Shortage of arms with Uttarakhand guards, hits fight against mining mafia, wildlife criminals
Days after the BJP stormed to power in Uttarakhand, a beat watcher was crushed to death by a tractor trolley when he along with several others gave a chase to vehicles laden with illegally mined riverbed material near the banks of Kosi river in Ramnagar.
The brazen killing of Pehelwan Singh by the mining mafia was then billed as the first major political test for the newly installed Trivendra Singh Rawat-led BJP government. Singh’s murder on March 24 took place hours after members of a quarrying mafia fired upon a beat officer near Baur river in Kaladhungi.
Earlier, on March 22, a tiger killed a forest guard while he along with two other officials was returning after routine patrolling in Kalagarh range. Another forest guard was killed on May 18, this time by a leopard, in the forest adjacent to the Rajaji Tiger Reserve. The forest guard was on night patrol and was apparently killed while he was returning from duty.
They weren’t the first incidents of mining and quarrying mafia or wildlife and wildlife criminals taking on the mountain state’s “first line of defence” in fight for conservation. They won’t be last too. What, however, has remained baffling is the sheer inadequacy of the efforts put in to arm this “first line of defence”.
Sample this: Forest department has employed 2,432 guards to protect 24,240 sqkm of forest cover. This effectively means one guard protecting at least 10 sqkm area. To arm the force guarding the forests, the department has only 1,248 guns, including 69 tranquiliser guns. In other words, it is one gun for every two forest guards. If sources in the department were to be believed, nearly 50% of these guns are old and rusted and not fit for use.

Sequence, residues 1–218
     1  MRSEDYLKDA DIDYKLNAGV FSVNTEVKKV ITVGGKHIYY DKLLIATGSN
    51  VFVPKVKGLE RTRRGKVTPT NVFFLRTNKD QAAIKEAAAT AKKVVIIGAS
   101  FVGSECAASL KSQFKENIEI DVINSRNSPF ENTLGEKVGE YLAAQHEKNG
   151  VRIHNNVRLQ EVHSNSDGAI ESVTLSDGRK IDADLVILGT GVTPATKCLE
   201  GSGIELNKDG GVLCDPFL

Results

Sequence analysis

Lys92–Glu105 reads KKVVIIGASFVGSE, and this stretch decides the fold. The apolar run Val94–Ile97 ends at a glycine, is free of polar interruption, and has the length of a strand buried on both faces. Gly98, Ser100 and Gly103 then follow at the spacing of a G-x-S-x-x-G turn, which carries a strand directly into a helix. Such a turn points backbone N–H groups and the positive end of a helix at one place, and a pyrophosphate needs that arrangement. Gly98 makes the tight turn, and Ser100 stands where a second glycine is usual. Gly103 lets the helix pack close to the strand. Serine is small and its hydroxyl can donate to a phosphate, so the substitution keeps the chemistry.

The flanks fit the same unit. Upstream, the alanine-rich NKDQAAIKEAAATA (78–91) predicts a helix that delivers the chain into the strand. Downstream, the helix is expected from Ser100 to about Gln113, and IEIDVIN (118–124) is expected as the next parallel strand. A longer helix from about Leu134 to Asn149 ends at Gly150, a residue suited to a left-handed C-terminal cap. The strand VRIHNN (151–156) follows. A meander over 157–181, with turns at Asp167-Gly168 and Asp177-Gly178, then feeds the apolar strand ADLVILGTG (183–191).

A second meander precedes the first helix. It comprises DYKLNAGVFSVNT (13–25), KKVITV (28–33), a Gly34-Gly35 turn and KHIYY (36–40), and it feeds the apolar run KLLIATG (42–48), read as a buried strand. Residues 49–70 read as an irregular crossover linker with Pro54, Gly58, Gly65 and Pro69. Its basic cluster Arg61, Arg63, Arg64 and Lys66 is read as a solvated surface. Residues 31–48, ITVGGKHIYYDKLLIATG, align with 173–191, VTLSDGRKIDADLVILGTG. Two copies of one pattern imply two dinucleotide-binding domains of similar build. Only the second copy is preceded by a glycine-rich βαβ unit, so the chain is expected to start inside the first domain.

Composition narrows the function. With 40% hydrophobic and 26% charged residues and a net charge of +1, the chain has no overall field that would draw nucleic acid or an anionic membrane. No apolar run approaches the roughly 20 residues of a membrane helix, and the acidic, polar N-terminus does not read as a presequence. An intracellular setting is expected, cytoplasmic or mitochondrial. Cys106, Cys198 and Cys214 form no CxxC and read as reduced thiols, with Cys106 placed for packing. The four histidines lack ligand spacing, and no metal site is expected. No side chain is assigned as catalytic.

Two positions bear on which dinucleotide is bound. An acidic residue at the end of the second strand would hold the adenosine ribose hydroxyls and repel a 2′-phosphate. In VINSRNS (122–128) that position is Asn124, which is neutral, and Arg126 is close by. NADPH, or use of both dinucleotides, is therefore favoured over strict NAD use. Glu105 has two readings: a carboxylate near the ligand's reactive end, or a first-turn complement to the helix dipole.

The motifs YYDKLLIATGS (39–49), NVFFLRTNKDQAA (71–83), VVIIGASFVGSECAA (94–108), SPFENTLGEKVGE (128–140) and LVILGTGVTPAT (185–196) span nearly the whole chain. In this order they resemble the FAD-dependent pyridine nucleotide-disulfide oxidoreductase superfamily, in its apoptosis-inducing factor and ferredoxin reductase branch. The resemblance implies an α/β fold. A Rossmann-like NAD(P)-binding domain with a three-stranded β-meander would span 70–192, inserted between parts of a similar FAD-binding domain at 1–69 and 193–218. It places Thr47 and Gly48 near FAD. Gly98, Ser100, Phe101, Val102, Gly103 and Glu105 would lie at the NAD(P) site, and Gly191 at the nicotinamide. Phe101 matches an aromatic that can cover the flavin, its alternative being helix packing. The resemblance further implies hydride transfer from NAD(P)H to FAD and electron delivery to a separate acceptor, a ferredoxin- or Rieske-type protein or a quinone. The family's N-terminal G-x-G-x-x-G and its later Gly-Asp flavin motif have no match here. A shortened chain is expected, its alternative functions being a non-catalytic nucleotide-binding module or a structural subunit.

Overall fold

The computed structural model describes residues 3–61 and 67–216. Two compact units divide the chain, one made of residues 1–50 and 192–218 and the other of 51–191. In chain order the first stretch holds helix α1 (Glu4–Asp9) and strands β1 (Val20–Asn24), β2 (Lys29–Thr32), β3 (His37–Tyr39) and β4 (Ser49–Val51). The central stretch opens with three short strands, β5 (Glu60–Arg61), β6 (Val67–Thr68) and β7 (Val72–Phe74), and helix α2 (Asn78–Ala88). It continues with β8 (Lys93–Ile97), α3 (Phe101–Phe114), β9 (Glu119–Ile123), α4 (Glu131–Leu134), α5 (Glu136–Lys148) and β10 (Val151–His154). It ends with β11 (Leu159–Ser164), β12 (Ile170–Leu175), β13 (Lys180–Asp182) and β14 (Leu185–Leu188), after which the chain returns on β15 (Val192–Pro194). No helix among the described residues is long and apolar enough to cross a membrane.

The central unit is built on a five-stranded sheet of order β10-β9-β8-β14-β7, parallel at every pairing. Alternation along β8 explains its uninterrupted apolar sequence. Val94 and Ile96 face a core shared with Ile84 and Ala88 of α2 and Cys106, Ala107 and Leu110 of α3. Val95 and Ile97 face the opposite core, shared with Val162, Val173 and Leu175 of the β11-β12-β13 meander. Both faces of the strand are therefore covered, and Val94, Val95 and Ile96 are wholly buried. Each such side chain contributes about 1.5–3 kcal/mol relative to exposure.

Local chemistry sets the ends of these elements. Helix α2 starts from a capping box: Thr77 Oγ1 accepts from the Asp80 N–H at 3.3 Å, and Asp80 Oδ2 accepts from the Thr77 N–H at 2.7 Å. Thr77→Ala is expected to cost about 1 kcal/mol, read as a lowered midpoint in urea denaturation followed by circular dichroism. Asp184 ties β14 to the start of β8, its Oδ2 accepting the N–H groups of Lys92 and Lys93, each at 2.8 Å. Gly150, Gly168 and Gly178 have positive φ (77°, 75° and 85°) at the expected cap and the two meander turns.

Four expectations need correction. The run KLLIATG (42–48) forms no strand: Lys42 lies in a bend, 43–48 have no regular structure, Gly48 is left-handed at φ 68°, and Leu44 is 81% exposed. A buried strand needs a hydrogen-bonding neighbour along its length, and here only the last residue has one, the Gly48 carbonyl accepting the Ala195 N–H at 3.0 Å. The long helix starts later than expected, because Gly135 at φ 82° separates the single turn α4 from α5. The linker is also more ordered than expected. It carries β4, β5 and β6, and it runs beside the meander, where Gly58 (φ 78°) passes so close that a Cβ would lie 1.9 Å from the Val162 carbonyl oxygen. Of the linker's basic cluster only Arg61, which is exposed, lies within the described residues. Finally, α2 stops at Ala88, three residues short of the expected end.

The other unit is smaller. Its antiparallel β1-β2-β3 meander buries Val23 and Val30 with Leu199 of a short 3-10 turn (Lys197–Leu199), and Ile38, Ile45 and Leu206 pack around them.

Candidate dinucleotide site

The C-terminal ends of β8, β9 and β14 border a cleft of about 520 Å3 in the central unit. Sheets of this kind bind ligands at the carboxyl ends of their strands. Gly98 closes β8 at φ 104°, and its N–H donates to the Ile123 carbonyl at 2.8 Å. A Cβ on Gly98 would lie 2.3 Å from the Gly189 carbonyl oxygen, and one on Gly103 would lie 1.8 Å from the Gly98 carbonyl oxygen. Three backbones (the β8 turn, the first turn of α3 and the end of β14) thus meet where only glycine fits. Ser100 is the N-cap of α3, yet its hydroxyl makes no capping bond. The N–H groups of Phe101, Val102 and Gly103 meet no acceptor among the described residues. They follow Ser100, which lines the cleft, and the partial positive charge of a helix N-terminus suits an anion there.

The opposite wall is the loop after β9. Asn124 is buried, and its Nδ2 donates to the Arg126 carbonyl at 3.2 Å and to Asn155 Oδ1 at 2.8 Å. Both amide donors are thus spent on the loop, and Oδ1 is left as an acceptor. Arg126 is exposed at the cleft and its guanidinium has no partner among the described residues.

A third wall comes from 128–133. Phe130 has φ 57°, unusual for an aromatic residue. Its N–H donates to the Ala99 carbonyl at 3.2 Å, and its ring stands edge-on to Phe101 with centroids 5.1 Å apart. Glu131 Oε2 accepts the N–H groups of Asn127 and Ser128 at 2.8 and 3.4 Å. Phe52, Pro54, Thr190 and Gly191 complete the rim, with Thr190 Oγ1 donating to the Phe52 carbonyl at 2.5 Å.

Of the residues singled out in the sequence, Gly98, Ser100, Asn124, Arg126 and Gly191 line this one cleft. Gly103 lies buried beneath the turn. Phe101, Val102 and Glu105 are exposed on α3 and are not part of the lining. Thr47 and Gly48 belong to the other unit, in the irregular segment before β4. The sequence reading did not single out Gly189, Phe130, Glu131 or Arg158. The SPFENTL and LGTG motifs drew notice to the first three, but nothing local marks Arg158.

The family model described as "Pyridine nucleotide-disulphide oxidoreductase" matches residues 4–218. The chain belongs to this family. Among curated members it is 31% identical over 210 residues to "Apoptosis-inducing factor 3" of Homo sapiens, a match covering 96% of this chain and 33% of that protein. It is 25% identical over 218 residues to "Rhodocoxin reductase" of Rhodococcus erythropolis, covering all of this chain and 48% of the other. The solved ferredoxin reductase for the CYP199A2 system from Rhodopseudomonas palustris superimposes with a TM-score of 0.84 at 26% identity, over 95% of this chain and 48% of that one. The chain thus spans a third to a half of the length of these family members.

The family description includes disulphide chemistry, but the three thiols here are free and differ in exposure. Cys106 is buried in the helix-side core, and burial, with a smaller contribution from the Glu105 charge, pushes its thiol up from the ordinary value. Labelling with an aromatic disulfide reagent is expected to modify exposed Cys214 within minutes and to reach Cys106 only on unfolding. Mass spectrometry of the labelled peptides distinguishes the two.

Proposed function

The previous Congress government had two years ago written to the Union Ministry of Home Affairs (MHA), proposing to buy arms worth Rs 2.5 crore. The Centre is yet to respond to the proposal.
“We wanted to buy more guns for the field staff but cannot do so without the MHA permission,” Digvijay Singh Khati, chief wildlife warden, told Hindustan Times.
The field staff thus, remains at the receiving end. “A forest guard has to face the severity of nature while in the field. He does not even have a weapon to safeguard himself, forget chasing away criminals,” RR Penuily, general secretary of forest guard association, said.
Over a dozen attacks on forest guards by the mining mafia have already been reported this year. Some lost lives and some were left injured. However, there’s no plan in place to secure the lives of people who defend the forest cover and wild animals.
“The focus of the government is to increase the revenue. They are promoting tourism in general and also tourism in wildlife areas. But, they aren’t doing anything to double the manpower or keep these people safe,” an activist said requesting anonymity.
So, how do the guards defend themselves in the field? “We have walkie-talkies to spread the word about infringement or anything illegal. We don’t have weapons and we patrol the forest with sticks,” Kirtam Barthwal, a forest guard of Thano range in Dehradun forest division, said.
Apart from the criminals, the guards also have to deal with the wild animals. Corbett Tiger Reserve, which is home to 215 tigers, reported three deaths of field staff in last one year. All victims of tiger attack.
“I will address this issue and talk to the Centre for upgradation of the arms,” Harak Singh Rawat, forest minister, assured.
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